It is, for example, an amazing claim for the White Paper to say that we will create in the NHS the biggest social enterprise sector in the world. If you want a big, ambitious goal for a reform programme – this is certainly it! But it is difficult to see how and why GP commissioning consortia will buy health care from such new ventures and help to create them.

It also makes a lot of sense for local authorities to have a duty to commission public health services, but it may well mean that GPs don’t ever see it as their responsibility to commission services such as smoking cessation.

It’s not that these things are necessarily in contradiction, but unless people are helped to see how they all move in one direction it just doesn’t make sense.

The NHS needs a straightforward story about all this fits together. I know David Nicholson is going round the regions and making it known that he expects everyone to do a good job in the transition but he is not in a position, as a civil servant, to provide a clear moral case for these changes. This is especially hard since everyone can see how much of the change is coming in his direction.

The Government really needs to get out and sell – not the detail of this or that mode of commissioning – but why this new way of working will be so much better than what is there at the moment.

It’s a moral narrative that’s needed, not a technocratic road map.

The second problem is that to make GP Commissioning really fly, a significant number of GPs need to create a social movement that will get out and argue about how good it will be when they are in charge. We need several thousand GPs with a very high level of motivation in favour of this new way of working.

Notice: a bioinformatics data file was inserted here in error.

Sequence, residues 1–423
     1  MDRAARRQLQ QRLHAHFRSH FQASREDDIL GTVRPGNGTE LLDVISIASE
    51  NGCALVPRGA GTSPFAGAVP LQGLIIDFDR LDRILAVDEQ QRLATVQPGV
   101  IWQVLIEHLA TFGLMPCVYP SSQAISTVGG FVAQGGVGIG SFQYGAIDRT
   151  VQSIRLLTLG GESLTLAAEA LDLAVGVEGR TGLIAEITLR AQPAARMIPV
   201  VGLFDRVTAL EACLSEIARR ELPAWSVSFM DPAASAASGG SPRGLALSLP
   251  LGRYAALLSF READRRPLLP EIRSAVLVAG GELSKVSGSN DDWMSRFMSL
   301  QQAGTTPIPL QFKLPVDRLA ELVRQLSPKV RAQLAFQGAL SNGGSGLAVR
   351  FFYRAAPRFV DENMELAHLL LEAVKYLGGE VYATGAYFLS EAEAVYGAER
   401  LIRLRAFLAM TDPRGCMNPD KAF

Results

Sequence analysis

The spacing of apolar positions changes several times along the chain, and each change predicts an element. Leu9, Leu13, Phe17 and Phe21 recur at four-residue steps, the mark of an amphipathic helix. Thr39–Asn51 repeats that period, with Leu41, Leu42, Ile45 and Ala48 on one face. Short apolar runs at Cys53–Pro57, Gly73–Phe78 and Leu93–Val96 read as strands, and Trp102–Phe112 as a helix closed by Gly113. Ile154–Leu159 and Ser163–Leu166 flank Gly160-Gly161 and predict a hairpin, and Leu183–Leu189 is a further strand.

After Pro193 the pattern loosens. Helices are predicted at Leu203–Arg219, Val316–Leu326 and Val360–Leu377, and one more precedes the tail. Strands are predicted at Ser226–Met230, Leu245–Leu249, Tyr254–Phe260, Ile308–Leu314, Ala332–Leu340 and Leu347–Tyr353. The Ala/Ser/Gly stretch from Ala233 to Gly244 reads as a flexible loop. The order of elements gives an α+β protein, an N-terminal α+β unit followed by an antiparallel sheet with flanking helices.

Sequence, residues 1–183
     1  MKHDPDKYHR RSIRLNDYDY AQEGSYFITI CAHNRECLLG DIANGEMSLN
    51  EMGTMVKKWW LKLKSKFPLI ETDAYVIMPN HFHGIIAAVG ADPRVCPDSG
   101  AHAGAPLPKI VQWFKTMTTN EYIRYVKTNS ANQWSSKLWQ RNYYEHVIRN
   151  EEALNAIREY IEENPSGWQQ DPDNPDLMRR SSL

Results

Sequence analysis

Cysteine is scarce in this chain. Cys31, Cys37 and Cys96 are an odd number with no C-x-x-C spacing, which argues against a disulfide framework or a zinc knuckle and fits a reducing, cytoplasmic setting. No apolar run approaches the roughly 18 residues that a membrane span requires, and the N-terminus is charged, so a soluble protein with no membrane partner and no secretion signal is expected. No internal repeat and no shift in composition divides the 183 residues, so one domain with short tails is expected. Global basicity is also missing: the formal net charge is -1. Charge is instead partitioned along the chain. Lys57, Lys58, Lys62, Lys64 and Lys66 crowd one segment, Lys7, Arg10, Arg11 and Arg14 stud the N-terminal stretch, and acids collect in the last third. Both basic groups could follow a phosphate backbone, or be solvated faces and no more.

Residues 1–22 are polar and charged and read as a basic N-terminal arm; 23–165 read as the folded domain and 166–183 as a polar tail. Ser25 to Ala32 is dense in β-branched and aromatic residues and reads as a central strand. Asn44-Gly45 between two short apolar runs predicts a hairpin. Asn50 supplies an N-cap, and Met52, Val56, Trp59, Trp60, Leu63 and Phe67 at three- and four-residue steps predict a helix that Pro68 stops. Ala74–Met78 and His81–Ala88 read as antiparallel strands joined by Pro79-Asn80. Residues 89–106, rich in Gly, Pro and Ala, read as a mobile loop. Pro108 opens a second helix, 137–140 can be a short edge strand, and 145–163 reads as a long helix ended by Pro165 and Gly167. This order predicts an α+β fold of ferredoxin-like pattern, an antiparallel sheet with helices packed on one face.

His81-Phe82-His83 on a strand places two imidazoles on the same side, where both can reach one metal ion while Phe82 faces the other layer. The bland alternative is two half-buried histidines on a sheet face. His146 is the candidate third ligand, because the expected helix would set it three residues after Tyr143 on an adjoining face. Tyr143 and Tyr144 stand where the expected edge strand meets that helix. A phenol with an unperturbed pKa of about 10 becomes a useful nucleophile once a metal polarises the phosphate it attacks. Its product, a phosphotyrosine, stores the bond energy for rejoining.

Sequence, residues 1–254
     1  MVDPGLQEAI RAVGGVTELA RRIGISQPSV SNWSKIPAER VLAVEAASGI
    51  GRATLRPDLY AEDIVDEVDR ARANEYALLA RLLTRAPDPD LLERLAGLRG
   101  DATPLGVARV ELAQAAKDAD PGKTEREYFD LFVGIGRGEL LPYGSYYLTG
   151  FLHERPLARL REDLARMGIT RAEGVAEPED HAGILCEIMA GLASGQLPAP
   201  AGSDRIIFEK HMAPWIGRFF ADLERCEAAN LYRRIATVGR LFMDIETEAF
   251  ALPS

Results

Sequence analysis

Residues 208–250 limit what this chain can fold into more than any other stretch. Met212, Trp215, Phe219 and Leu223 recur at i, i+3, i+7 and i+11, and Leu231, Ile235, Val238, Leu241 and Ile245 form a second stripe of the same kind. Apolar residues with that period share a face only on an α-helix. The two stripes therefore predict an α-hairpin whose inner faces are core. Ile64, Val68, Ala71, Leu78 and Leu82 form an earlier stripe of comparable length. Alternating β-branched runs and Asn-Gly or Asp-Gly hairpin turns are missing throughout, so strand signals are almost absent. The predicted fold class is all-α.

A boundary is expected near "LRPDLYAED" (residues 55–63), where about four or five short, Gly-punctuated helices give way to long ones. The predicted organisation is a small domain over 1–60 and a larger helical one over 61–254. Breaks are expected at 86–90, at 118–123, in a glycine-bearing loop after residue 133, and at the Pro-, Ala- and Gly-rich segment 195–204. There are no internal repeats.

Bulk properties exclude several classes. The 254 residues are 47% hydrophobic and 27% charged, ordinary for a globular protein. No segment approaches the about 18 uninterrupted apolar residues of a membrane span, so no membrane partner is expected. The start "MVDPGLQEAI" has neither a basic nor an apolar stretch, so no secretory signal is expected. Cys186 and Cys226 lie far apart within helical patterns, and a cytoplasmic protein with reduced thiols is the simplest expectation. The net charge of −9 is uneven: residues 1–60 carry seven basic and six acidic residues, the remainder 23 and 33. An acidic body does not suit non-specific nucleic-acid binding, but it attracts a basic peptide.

In reality most GPs that get up and talk about the possibility of their taking over commissioning are at best lukewarm. When they report on how their colleagues feel about this they describe it as being somewhere between anxiety and terror. I am pretty sure that’s true for a lot of GPs but when a GP leader says it, it’s a real dampener. 

I am never quite sure whether this is a complex negotiating ploy by the BMA – (If we are not keen then the Government will have to give us more money to do it; but if we appear keen they will think they can get it for free) – but its very difficult to feel motivated by these changes if the people who are going to gain the most from them don’t appear to want them.

By the end of this calendar year there needs to be about a thousand passionate advocates amongst the GPs of England and they need to be spread across the country. Without that the policy is in trouble.

The point is not that there need to be 25000 GPs who all want to become commissioners but that there must be a leadership that is highly enthusiastic and will lead their colleagues into the unknown with passion.